Be A King, But Not Just For A Day

crownsAre you going around with a cracked or broken tooth? Maybe part of your tooth cracked and fell out but the filling stayed intact? That can make it difficult to chew. The tooth may be sensitive to heat or cold, achy at times, or even sensitive to the air when you open your mouth. But there is a way to solve all that. Be a king, but not just for a day. Consider a dental crown.  

Dental Crown vs Dental Implant

Because a dental crown is used to top the abutment on the titanium post of a dental implant, some people may confuse a crown with an implant. A crown is used for an implant, but an implant requires surgery to place the titanium post. After the post heals which can take several months, the crown is placed.  Placing a crown does not require surgery.

How is a Crown Placed?

A dental crown can be used to restore the functionality of your damaged tooth so you can chew properly and smile without embarrassment again. Crowns are often used:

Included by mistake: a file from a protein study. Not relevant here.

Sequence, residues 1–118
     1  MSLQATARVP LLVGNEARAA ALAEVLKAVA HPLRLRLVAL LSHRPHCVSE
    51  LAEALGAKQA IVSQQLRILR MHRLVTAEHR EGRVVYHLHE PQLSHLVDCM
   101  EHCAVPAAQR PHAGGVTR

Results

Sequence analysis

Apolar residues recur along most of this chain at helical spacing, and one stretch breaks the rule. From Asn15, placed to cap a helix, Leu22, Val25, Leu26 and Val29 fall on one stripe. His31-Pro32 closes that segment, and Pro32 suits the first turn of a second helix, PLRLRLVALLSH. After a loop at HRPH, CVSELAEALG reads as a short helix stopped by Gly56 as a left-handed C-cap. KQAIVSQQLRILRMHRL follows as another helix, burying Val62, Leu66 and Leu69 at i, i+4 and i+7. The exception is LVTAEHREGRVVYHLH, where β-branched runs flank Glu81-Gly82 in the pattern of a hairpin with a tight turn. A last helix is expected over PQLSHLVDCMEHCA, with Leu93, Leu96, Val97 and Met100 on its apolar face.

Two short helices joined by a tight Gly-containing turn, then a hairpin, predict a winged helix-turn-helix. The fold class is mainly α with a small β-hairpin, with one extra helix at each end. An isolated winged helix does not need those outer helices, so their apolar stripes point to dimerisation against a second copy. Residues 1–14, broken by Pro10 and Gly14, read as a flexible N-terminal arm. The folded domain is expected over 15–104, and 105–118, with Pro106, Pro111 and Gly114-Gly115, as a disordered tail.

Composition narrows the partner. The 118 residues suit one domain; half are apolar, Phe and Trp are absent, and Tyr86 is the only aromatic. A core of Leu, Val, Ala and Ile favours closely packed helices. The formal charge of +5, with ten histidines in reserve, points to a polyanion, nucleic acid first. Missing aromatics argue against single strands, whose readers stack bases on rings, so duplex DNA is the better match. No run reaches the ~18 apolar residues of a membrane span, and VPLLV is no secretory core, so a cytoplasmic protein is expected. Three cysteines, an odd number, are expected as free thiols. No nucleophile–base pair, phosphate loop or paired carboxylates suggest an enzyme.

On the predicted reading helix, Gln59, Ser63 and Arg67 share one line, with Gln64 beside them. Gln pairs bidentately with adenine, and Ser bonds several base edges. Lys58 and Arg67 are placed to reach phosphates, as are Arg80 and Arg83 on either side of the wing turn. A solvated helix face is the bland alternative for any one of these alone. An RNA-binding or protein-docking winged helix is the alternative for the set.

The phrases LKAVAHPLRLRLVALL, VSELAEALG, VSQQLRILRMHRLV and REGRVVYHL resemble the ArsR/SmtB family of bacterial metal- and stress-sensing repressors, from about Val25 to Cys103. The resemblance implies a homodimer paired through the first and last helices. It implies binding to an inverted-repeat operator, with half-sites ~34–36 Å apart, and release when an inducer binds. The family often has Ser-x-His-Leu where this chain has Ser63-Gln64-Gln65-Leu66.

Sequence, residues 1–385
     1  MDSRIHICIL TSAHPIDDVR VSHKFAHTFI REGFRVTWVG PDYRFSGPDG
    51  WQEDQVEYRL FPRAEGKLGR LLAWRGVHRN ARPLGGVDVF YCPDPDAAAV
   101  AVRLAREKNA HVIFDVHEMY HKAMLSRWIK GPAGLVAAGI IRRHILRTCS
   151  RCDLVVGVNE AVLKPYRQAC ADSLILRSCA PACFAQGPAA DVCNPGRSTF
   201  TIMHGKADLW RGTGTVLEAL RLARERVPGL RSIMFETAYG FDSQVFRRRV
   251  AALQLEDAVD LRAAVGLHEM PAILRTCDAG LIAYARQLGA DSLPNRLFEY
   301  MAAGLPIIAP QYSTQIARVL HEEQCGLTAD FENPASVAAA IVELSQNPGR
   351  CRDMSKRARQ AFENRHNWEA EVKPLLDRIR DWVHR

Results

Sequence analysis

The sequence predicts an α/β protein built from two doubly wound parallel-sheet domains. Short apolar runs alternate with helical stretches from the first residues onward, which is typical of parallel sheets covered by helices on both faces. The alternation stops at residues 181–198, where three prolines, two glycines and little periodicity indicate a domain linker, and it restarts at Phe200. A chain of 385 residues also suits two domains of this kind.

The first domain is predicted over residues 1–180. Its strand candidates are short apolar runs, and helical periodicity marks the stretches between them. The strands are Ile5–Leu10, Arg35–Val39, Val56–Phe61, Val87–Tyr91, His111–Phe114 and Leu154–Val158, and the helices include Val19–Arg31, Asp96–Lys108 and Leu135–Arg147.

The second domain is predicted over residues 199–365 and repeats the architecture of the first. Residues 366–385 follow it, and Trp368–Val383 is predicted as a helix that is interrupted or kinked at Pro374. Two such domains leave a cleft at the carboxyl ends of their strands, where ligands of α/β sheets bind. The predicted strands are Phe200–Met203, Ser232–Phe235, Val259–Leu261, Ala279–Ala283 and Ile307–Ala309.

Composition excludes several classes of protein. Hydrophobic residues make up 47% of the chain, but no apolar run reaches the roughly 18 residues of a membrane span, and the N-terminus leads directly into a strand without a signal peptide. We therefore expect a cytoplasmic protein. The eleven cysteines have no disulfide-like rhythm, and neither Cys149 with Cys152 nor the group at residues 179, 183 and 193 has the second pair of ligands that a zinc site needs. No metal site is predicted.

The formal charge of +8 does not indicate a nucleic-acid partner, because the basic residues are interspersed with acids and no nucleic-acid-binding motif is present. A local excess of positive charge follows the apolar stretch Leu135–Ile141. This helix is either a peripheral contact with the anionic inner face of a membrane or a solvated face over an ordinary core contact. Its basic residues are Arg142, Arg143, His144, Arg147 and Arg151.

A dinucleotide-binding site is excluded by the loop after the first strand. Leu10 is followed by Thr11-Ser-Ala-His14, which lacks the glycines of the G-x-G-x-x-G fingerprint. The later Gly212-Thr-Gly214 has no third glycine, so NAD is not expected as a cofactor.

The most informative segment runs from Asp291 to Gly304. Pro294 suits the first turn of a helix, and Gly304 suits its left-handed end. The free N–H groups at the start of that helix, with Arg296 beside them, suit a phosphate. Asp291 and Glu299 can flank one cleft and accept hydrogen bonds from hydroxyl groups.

• For cavities that are too large for a filling
  • For broken teeth
  • For chipped teeth
  • For fractured or cracked teeth
  • After root canal therapy
  • To top an implant post
  • To mask cosmetic flaws

Placing a crown is rather easy. Although your dentist will need to reduce the tooth to accommodate the crown, the area will be numbed first. Your dentist will then gently grind the damaged parts of the tooth away making room for the crown. An impression of the tooth will be taken and sent to the lab. When the crown has been fabricated, a second visit will be required for your dentist to permanently bond it to your tooth using dental cement.